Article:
• Abstract: Abstract A simple, sensitive and selective solid phase microextraction with hollow fiber-supported multi-walled carbon nanotube functionalization reinforced sol–gel combined HPLC method was proposed for the determination of naproxen in tap, well and river water samples. In this method, functionalized multi-walled carbon nanotubes (MWCNTs) were prepared and held in pores of hollow fiber with sol–gel technology by immersion of polypropylene hollow fiber segment into the sol of the functionalized MWCNTs/silica composite and ultrasonically treated at room temperature. Effect of main parameters such as volume of donor phase, pH, extraction time, desorption time, type of desorption solvent, sample ionic strength and stirring rate were studied. Under optimum conditions, linearity was observed in the range of 0.03–500 ng/mL, with correlation coefficients of 0.997. The relative standard deviation for three replicate determinations of 50 ng/mL of naproxen was 4.3%. Limit of detection and pre-concentration factor were 0.008 ng/mL and 198, respectively. In order to check the applicability of the proposed method, it was used to determine trace levels of naproxen in different water samples.
      PubDate: 2016-07-01
       
  • Specific features of determinations of the composition of high-purity
           lanthanide crystal hydrates
    • Abstract: Abstract Problem of the determination of the composition of high-purity rare-earth metal salts is discussed. Prospects of the application of direct chemical methods to the determination of the water content of crystal hydrates of rare-earth metal salts used in the GET 173-2013 State Primary Standard of Mass Fraction and Mass (Molar) Concentration of Water in Solid and Liquid Substances and Materials are studied.
      PubDate: 2016-06-01
       
  • Flotation-assisted dispersive liquid–liquid microextraction method
           for preconcentration and determination of trace amounts of cobalt:
           Orthogonal array design
    • Abstract: Abstract A simple, rapid, and efficient flotation-assisted dispersive liquid–liquid microextraction method was developed for preconcentration of trace amount of cobalt(II) ions. In this technique, a mixture of toluene and methanol (20: 80, v/v) was injected through the septum in the bottom of a narrow-bore tube containing cobalt solution. Afterwards, the fine droplets of extraction solvent were formed and cobalt (as 1-nitroso-2- naphtol complex) was collected on the surface of solution by aeration. The effect of different variables on the extraction efficiency of cobalt such as pH of solution, ligand concentration and injection volume was investigated using orthogonal array design. At optimum conditions, the calibration curve was linear over the range of 10–1000 μg/L. The detection limit, relative standard deviation and enrichment factor were 3 μg/L, 3.9% (n = 10) and 120, respectively. The developed method was successfully applied to the determination of cobalt in water and drug samples.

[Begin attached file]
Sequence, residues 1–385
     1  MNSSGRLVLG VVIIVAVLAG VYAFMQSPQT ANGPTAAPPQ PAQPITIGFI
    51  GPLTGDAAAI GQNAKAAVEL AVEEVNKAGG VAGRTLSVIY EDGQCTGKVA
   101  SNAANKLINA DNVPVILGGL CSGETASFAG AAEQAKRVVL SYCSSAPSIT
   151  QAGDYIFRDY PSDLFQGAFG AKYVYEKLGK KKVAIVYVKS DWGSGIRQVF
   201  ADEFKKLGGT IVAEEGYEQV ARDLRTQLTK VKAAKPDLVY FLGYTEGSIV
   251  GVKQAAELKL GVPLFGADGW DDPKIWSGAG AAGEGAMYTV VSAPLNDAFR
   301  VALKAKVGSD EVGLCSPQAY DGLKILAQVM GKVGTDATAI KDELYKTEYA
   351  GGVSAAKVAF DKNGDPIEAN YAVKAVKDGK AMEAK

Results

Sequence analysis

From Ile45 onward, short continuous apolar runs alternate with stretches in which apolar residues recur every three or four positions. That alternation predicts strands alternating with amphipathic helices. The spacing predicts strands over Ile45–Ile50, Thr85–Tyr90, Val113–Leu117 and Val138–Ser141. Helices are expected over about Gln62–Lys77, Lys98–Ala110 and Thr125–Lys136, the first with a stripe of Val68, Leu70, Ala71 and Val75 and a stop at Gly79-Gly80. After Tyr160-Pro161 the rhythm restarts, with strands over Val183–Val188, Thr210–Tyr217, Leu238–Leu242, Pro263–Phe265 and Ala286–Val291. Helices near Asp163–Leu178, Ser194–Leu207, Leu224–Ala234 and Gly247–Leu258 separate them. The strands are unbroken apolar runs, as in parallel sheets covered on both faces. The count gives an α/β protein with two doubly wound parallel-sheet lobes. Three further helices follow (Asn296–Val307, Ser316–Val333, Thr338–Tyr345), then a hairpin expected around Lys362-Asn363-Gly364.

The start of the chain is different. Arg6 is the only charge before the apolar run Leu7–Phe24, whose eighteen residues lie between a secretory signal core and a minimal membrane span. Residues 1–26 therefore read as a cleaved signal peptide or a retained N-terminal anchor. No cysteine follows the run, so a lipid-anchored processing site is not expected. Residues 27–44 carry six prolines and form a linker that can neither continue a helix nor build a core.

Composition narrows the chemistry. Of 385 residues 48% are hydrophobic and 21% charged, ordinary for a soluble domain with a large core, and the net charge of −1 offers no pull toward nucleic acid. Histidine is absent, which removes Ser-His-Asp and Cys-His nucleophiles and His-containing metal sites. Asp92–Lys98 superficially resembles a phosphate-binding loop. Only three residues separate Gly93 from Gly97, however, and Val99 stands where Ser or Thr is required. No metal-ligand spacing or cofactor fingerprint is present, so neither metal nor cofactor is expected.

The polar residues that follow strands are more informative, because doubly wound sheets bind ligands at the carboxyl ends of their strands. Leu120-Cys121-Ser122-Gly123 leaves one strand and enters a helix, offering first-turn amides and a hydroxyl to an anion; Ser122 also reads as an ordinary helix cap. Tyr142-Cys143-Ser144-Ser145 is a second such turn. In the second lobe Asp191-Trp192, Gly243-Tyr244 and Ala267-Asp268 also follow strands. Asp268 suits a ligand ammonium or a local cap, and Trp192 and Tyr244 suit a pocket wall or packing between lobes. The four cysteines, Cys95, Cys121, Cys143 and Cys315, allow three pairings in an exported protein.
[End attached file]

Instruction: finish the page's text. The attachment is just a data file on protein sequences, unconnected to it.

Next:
PubDate: 2016-06-01
       
  • HPLC—high-resolution time-of-flight mass spectrometry:
           Identification and determinarion of β-agonists in food and feed
    • Abstract: Abstract A method is proposed for the simultaneous identification and determination of 19 β-agonists by exact ion masses in feed, meat, liver, and kidneys of animals using high-resolution time-of-flight mass spectrometry combined with HPLC and simple and fast sample preparation. Matrix effects under the conditions of electrospray ionization were eliminated by the dilution of the extract with a 10-fold volume of deionized water. A scheme of the identification and determination of analytes by the standard addition method is proposed. The limits of detection are 0.11–10 ng/g and limits of quantification, 0.34–31 ng/g. The relative standard deviation of the results of analysis does not exceed 13%. The time of analysis is 1–2 h.
      PubDate: 2016-06-01
       
  • Simultaneous determination of trimethoprim, enrofloxacin, and
           ciprofloxacin in blood serum of poultry
    • Abstract: Abstract A method is proposed for the simultaneous determination of trimethoprim, enrofloxacin, and ciprofloxacin in blood serum of poultry using HPLC. Samples were prepared using protein precipitation. The chromatographic separation of substances was attained on a C18 column using a mixture of a 50 mM acetate buffer solution (pH 3.0) with acetonitrile (86: 14) as a mobile phase. Detection was performed at 278 nm. Linearity was observed in the concentration range 50–5000 ng/mL for trimethoprim and 10–5000 ng/mL for ciprofloxacin and enrofloxacin. Precision was ≤2.1% for enrofloxacin, ≤1.6% for ciprofloxacin, and ≤14% for trimethoprim. Accuracy was ≤10.2% for enrofloxacin, ≤9.9% for ciprofloxacin, and ≤11.9% for trimethoprim. The method was applied to pharmacokinetic studies of complex antibacterial drugs containing trimethoprim and enrofloxacin as active substances.
      PubDate: 2016-06-01